Asian nation nears recession: GDP data

Asian nation nears recession: GDP data

SINGAPORE - Agence France-Presse
Asian nation nears recession: GDP data

Singapore Prime Minister Lee Hsien Loong (L) and Prime Minister of Thailand Yingluck Shinawatra wave during a summit in New Delhi. AFP photo

Singapore likely slipped into recession in the three months to December, analysts told AFP yesterday, as data showed growth in 2012 came in lower than expected.

In his New Year’s message, Prime Minister Lee Hsien Loong said “growth was slower this year, at 1.2 percent”, which is well off the official growth forecast of 1.5-2.5 percent.

However, CIMB Research economist Song Seng Wun said the figures for the year indicate the economy shrank 3.5 to 4.0 percent quarter on quarter in October-December, which followed a contraction of 5.9 percent in the previous three months.

Two consecutive quarters of contraction point to a technical recession.

“It’s basically just the magnitude of (the recession) rather than if,” he told AFP.

And Jason Hughes, head of premium client management for IG Markets Singapore, said: “It would seem that the PM’s statement of 1.2 percent growth for 2012 would suggest that we’ve contracted in the fourth quarter which would put us in technical recession territory.” An official breakdown of the data will be released by the trade ministry tomorrow.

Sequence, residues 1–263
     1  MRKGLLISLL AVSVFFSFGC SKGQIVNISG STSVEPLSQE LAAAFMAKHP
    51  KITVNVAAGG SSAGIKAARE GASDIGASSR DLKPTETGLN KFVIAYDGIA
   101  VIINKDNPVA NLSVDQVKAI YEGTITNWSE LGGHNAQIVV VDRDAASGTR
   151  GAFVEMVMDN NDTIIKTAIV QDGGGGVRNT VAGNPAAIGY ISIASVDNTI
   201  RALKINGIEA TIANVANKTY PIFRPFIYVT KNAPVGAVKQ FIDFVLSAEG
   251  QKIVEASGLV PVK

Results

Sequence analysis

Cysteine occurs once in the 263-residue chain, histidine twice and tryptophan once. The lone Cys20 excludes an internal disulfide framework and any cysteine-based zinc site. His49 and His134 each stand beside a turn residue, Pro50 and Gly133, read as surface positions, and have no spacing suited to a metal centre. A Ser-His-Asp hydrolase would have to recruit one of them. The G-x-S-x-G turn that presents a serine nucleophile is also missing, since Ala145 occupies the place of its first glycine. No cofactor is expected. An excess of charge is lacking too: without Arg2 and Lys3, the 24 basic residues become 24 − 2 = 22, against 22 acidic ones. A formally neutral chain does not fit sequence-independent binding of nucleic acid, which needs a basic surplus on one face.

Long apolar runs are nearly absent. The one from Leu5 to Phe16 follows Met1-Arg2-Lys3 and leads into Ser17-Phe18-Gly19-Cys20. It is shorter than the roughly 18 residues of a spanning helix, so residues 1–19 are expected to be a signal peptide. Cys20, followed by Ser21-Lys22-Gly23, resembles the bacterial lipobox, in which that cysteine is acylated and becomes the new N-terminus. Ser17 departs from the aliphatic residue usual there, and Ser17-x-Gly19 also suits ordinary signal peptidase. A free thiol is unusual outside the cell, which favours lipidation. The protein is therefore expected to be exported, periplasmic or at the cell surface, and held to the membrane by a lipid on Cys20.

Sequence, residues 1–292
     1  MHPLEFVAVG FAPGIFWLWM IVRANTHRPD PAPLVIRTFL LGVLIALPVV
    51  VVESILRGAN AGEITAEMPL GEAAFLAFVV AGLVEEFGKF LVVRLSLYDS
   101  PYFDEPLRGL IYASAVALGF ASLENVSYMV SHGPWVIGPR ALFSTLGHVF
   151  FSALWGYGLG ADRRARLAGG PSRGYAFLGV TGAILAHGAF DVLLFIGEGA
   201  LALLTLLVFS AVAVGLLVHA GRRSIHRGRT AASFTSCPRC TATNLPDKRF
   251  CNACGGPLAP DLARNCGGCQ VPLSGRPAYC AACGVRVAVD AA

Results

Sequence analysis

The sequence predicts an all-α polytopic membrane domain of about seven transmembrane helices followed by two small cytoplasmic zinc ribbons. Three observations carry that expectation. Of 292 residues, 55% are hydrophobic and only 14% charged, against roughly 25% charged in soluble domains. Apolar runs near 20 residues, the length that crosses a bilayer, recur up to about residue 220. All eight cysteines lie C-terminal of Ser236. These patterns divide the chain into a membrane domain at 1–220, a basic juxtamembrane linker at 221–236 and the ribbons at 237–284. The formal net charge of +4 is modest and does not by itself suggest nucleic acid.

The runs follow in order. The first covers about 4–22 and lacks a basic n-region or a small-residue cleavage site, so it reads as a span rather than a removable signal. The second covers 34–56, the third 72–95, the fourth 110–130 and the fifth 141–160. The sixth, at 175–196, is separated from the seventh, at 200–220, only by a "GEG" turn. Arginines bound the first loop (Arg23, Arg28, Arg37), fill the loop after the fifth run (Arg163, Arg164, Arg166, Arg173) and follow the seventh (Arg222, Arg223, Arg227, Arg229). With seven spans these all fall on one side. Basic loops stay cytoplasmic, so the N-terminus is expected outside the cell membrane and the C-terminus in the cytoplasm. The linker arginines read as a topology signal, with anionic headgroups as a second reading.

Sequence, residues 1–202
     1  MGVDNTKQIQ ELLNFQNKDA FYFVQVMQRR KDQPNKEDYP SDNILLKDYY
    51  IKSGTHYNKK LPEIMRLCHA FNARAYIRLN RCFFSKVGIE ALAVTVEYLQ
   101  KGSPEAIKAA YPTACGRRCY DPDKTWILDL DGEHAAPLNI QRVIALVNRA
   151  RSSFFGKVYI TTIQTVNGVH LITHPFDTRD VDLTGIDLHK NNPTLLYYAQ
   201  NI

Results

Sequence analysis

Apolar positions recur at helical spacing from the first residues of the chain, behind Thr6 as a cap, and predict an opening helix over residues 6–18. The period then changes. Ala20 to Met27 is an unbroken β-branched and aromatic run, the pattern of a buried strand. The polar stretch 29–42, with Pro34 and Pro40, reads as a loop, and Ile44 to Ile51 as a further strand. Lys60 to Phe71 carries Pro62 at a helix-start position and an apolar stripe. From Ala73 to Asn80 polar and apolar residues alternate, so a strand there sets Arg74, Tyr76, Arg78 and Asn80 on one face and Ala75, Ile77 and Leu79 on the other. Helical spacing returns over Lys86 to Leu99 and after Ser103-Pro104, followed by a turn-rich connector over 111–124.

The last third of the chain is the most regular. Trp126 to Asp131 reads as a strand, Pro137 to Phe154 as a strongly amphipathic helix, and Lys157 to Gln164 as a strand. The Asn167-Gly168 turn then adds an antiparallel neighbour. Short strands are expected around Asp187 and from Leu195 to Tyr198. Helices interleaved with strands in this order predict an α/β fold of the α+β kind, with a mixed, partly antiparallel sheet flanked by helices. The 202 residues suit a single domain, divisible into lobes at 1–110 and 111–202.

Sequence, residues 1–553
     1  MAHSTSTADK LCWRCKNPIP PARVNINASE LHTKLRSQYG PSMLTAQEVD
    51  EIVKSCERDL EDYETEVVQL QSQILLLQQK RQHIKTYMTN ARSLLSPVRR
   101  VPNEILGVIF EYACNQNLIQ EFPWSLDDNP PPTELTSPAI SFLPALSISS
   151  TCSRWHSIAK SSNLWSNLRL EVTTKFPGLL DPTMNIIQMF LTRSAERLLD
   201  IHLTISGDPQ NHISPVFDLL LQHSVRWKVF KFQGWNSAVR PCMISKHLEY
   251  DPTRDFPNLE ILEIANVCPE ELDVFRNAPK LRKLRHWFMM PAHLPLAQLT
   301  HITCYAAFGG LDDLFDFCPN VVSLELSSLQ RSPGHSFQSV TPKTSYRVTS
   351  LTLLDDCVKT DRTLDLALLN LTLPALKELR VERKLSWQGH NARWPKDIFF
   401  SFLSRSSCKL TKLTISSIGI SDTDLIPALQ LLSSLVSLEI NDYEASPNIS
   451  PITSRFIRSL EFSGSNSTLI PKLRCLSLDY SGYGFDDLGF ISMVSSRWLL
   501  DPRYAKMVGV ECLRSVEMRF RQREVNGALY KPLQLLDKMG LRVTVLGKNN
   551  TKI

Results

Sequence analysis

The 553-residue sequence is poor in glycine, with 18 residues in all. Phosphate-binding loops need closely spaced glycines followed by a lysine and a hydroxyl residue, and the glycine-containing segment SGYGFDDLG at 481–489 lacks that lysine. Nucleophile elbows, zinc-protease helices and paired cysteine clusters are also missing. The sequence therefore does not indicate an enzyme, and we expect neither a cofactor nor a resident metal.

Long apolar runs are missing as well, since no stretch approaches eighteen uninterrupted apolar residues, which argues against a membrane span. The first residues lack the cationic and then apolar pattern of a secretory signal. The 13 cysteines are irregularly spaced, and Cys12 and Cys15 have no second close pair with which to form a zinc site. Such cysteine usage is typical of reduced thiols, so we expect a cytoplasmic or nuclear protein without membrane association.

Lee said growth had been hit by weakness in the city-state’s key export markets of Europe, which is battling a debt crisis, and the United States and Japan, where economic recovery is sputtering.

“The weak U.S., European and Japanese economies dampened our growth, but some industries have also had difficulty hiring the workers they need to grow. Next year we expect to grow by 1.0-3.0 percent,” he added. Singapore, widely regarded as a bellwether for Asia’s export-driven economies, went through its worst-ever recession during the global financial crisis from the third quarter of 2008 to the second half of 2009.

Unlike its bigger neighbors, however, Singapore is more vulnerable to external trade developments because it has a small domestic base of just over five million residents.